|Hungarian State Opera|
|Khell Zsolt||Set Designer|
|Kriszta Remete||Costume Designer|
|István Kovács||Bass||King of Egypt|
|Ferenc Cserhalmi||Bass||King of Egypt|
|Atilla Kiss B||Tenor||Radamès|
|Anatolij Fokanov||Baritone||Amonasro||Jan 20, 21 mat, 22, 26, 27, 28 mat, 29|
|Gergely Ujvári||Tenor||A messenger|
|Hungarian State Opera Orchestra|
|Hungarian State Opera Chorus|
The vulnerable protagonists of Aida face an agonising moral dilemma: to what should they be loyal? To their homelands? To their families? Or to their love?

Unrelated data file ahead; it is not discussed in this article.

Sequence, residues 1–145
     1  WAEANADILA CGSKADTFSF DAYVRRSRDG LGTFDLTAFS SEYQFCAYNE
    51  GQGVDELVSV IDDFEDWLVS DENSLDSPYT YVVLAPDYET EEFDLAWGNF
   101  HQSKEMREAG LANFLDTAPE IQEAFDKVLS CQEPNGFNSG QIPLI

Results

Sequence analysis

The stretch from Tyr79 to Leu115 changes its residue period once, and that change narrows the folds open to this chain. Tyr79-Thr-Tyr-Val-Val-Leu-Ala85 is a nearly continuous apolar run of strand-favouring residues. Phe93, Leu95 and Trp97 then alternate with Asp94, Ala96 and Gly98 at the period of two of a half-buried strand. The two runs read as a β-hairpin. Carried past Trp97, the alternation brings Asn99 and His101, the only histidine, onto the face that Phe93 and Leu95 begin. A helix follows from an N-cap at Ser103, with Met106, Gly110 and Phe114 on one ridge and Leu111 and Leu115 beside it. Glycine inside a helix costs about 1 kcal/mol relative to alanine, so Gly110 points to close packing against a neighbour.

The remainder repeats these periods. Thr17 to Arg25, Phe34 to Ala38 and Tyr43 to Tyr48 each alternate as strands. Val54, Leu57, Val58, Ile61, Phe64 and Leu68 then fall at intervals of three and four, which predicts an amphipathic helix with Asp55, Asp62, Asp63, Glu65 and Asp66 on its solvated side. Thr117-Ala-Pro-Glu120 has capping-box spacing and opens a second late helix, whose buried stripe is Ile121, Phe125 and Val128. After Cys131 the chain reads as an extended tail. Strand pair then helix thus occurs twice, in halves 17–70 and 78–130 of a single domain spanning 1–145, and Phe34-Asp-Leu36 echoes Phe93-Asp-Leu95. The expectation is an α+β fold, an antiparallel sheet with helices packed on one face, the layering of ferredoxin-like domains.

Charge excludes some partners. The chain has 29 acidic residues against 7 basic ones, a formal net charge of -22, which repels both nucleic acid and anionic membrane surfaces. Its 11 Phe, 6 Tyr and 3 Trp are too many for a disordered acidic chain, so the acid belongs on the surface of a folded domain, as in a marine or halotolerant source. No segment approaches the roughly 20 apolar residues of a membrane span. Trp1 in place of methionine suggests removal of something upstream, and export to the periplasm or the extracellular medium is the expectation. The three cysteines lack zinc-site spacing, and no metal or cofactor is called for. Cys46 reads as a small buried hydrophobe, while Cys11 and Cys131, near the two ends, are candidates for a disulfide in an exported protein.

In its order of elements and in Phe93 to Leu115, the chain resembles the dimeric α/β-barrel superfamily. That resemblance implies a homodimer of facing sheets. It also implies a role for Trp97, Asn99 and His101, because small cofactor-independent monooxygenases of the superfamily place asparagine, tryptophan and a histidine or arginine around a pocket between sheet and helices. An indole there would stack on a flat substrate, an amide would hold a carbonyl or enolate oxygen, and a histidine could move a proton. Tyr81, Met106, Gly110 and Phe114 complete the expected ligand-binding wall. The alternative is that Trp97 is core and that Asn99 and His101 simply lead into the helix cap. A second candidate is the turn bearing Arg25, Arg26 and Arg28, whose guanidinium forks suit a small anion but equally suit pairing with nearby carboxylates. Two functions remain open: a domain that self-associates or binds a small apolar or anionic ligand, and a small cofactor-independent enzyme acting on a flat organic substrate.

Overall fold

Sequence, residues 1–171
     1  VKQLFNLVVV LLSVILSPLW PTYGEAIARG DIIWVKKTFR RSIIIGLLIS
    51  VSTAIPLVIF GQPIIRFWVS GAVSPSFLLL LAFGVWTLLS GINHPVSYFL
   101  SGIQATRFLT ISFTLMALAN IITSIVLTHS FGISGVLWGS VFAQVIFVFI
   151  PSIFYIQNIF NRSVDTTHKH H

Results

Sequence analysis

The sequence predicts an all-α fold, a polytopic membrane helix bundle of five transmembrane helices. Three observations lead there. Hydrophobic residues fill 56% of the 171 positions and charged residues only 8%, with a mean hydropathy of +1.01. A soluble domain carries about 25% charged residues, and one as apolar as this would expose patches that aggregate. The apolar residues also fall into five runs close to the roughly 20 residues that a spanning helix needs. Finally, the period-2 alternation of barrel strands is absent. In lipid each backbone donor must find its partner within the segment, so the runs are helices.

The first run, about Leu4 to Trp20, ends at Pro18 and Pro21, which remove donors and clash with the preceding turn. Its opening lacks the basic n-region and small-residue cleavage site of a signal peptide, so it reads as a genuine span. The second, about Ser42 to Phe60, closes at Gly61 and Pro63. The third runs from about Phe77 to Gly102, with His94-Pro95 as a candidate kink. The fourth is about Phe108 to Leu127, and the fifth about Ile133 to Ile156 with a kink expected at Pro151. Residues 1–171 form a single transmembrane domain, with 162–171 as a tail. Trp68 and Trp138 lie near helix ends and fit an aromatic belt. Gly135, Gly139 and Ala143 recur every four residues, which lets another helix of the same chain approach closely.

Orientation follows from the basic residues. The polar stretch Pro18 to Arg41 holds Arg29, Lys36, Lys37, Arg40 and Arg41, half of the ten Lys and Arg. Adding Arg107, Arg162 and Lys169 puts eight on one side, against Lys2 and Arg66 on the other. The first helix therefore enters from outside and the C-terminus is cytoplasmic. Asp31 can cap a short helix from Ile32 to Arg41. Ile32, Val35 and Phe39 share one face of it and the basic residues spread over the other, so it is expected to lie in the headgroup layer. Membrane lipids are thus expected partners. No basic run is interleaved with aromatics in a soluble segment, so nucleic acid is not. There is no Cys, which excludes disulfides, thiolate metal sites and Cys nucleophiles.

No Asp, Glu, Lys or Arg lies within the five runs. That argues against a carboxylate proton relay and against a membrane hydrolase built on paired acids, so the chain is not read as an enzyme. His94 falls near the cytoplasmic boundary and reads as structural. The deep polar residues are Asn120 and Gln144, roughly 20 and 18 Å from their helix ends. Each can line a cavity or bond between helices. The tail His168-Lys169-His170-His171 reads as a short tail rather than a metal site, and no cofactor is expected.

The story of the opera is a product of war: not only in its writing, but on the stage as well. The sounds of war resonate throughout the tale of the captive Ethiopian princess and king, and the Egyptian commander brought down by and for love. Although Egypt wins a pyrrhic victory, this triumph desired by so many brings ruin to all who wished for it.
This is a story about war, a topic as old as man and which will continue as long as our species. War chooses life or death for millions, divides families and lovers, and permeates warring countries and their people of every order and rank, from pharaoh to slave.
But there is one thing that can never be vanquished: the purity of the soul.